Periodic Inspection

Complete inspections of lifting magnets shall be performed and recorded at intervals as defined in para. 20-3.3.1(b)(3). Conditions such as those listed in para. 20-3.3.7, or any other condition that may constitute a hazard, shall cause the magnet lifter to be removed from service. A qualified person shall determine whether any deficiency constitutes a hazard, requires repair, requires disassembly for further inspection, or will require more frequent inspection. The magnet lifter shall not be returned to service until approved by a qualified person. The inspection shall be based on the manufacturer’s instructions, para. 20-3.3.7, or the recommendations of a qualified person.

Lifting Magnets Not in Regular Use

You may not use your close proximity lifting magnets on a regular basis, but still, there are inspection requirements for it.

A lifting magnet that has been idle for a period of one month to one year shall be inspected in accordance with para. 20-3.3.3 before being placed in service. A lifting magnet that has been idle for a period of one year or more shall be inspected in accordance with para. 20-3.3.4 before being returned to service.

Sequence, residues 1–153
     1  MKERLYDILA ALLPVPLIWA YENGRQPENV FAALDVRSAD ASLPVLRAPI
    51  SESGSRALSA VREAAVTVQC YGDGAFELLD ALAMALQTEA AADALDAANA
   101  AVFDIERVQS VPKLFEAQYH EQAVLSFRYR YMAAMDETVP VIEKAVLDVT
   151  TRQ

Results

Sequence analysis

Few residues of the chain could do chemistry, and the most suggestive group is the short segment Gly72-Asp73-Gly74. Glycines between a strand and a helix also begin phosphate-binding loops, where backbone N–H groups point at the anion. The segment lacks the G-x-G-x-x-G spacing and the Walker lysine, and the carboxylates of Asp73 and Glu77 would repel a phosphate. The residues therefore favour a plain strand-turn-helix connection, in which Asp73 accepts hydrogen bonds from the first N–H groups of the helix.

***The paragraphs referenced in the section of the standard that covers “special or infrequent service” states inspections should be conducted on a qualified person.

What Inspection Records Need to be Kept?


Once an inspection is complete, how long do the records need to be kept on file by the end-user?

Dated inspection reports shall be made on critical items, such as those listed in para. 20-3.3.4. Records should be available for each periodic inspection and when the lifting magnet is either altered or repaired.

What Is the Removal Criteria for Close Proximity Magnet Lifters?


A close proximity lifting magnet shall be removed from service if any conditions (if applicable) such as the following are present (limits established by the manufacturer or qualified person) and would result in unsafe performance. A structural and mechanical lifting device shall only be returned to service when approved by a qualified person:

  • Deformation, cracks, or wear
  • Loose or missing guards, fasteners, covers, stops, or nameplates
  • Excessive pitting or corrosion
  • Excessive nicks or gouges
  • Indications of heat damage
  • Unauthorized welds or modifications
  • Unauthorized replacement components
  • Improper assembly or function
  • Lifting surfaces:
    • Excessive surface wear
    • Nicks, gouges, or any parts impeding the lifting surface from full contact with the load
    • Foreign material
  • Damaged or distorted pins
  • On/Off handle operation
  • Impeded movement/rotation of the handle
  • Damaged, distorted, or worn threads including foreign material on the threads
  • Impaired, seized, or bound bail movement
  • Deformed, broken, or missing spring(s)
  • Missing or illegible operating control markings or product safety labels